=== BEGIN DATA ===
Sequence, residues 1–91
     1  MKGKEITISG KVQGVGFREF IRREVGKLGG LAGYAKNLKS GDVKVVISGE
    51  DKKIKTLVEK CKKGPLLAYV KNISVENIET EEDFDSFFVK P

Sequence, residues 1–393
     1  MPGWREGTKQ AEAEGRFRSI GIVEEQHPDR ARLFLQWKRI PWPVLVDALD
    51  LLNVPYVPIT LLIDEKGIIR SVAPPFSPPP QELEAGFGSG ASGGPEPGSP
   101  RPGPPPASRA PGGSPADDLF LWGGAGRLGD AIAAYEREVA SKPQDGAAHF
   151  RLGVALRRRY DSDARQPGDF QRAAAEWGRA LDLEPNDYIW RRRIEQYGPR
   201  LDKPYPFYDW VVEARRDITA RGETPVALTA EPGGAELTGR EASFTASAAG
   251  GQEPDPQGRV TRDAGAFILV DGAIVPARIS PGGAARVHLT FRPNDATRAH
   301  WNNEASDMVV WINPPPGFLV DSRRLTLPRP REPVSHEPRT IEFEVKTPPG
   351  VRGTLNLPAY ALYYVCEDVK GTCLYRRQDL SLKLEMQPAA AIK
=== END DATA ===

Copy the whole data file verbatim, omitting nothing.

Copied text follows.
Sequence, residues 1–91
     1  MKGKEITISG KVQGVGFREF IRREVGKLGG LAGYAKNLKS GDVKVVISGE
    51  DKKIKTLVEK CKKGPLLAYV KNISVENIET EEDFDSFFVK P

Sequence, residues 1–393
     1  MPGWREGTKQ AEAEGRFRSI GIVEEQHPDR ARLFLQWKRI PWPVLVDALD
    51  LLNVPYVPIT LLIDEKGIIR SVAPPFSPPP QELEAGFGSG ASGGPEPGSP
   101  RPGPPPASRA PGGSPADDLF LWGGAGRLGD AIAAYEREVA SKPQDGAAHF
   151  RLGVALRRRY DSDARQPGDF QRAAAEWGRA LDLEPNDYIW RRRIEQYGPR
   201  LDKPYPFYDW VVEARRDITA RGETPVALTA EPGGAELTGR EASFTASAAG
   251  GQEPDPQGRV TRDAGAFILV DGAIVPARIS PGGAARVHLT FRPNDATRAH
   301  WNNEASDMVV WINPPPGFLV DSRRLTLPRP REPVSHEPRT IEFEVKTPPG
   351  VRGTLNLPAY ALYYVCEDVK GTCLYRRQDL SLKLEMQPAA AIK